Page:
5. Nipah virus (NiV)
The Nipah virus outbreak
happened in India in 2018. There is no medication or vaccine specific to this
virus, but the World Health Organization has made it their priority to research
that. The Nipah virus is zoonotic, which means it passes from infected animals
to humans, but it can also be transmitted from human to human and through
infected food. In the two main outbreaks, the disease was passed on to people
from infected pigs and fruit bats. The initial symptoms are fever, sore throat,
headache, mental confusion and dizziness. If left untreated it can cause
seizures and encephalitis which can rapidly cause come and death. So far
symptomatic treatment has been successful but the research for medicine that
would cure the Nipah virus is ongoing.
6. The Middle East Respiratory Syndrome
MERS is also a zoonotic virus and it’s the biggest outbreak was reported in Saudi Arabia. It seems like the virus came from contact with infected camels. In some people infected with the virus is asymptomatic, in others, it presents with fever, shortness of breath and pneumonia. In 35% of reported infected cases, the disease was fatal. There are no specific vaccines to prevent it and no MERS specific meds have been certified yet. The best way to prevent the disease if to avoid contact with sick animals and people and practicing general hygiene measures.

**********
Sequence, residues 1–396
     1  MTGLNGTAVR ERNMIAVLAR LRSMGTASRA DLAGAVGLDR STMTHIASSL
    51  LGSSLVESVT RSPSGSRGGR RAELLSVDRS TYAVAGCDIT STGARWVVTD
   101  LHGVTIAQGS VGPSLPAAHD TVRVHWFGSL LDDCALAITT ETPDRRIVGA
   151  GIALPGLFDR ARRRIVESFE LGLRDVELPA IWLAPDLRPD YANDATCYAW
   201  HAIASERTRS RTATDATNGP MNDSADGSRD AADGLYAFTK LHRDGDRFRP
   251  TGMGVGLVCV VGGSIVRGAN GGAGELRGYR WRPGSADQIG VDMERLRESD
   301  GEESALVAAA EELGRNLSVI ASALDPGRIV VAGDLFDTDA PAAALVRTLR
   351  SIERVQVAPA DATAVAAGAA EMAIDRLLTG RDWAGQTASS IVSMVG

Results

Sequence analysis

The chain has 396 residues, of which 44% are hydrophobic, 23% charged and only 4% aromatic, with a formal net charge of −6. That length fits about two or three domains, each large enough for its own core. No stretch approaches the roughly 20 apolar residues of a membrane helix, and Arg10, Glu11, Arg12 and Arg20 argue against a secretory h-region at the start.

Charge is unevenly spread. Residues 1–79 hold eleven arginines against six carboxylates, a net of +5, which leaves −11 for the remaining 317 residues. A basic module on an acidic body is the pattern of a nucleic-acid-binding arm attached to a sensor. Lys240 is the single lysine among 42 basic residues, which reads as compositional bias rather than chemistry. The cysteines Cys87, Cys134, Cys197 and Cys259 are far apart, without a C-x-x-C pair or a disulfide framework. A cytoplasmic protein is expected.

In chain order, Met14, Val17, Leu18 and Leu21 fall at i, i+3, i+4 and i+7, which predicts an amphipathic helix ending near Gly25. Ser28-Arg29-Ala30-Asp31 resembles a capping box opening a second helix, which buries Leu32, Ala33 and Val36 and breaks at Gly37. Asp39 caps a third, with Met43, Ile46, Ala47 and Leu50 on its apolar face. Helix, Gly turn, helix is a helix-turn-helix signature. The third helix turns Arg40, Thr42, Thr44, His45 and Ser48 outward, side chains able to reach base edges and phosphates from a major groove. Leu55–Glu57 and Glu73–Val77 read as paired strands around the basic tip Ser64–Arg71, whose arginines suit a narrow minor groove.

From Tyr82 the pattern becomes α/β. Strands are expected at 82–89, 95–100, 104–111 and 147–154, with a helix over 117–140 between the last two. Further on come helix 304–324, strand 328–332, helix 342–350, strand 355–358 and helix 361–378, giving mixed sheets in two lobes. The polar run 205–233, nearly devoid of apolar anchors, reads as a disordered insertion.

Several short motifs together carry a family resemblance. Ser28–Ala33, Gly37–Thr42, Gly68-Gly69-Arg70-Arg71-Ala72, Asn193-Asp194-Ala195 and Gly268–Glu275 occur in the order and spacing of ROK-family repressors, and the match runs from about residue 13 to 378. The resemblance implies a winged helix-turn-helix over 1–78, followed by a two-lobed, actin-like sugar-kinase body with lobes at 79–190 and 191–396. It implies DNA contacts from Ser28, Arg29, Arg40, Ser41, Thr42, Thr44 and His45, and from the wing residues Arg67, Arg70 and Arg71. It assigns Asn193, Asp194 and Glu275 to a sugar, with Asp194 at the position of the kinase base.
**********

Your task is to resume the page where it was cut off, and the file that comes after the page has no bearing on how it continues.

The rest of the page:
7. Lassa Fever
Lassa fever or Lassa
hemorrhagic fever is endemic to West Africa but there was a particularly severe
outbreak of it in Nigeria in 2018. The disease is usually spread through rats.
The cause of Lassa fever is generally a rat bite or contact with its faeces or
urine. It’s a life-threatening disease and if it affects the liver, kidneys, or
spleen, it can be fatal and in severe cases, death usually occurs on the 14th
day after the onset. However, in 8 of 10 people, it might not present any
symptoms and will resolve on its own.
This is the latest virus outbreak that started late in December 2019. It’s known as the novel coronavirus or Wuhan coronavirus. It was located in Wuhan City, Hubei Province of China. It seems to have originated in a seafood and live-animal market in Wuhan but scientists are still trying to pinpoint from what animal did it come. So far we know that it’s a coronavirus, which means it usually causes respiratory illness. It is thought to be of zoonotic origin but that’s not been confirmed yet. It seems to be 96% similar to SARS and the bat coronavirus. Recently China has confirmed human to human transmission. The symptoms include fever, dry cough, difficulty breathing. No medicine for this coronavirus exists as it’s so new and so far those infected are being treated for their symptoms. So far the WHO advises people to take reasonable precautions and practice hygiene, avoid contact with the sick and not eat uncooked animal products.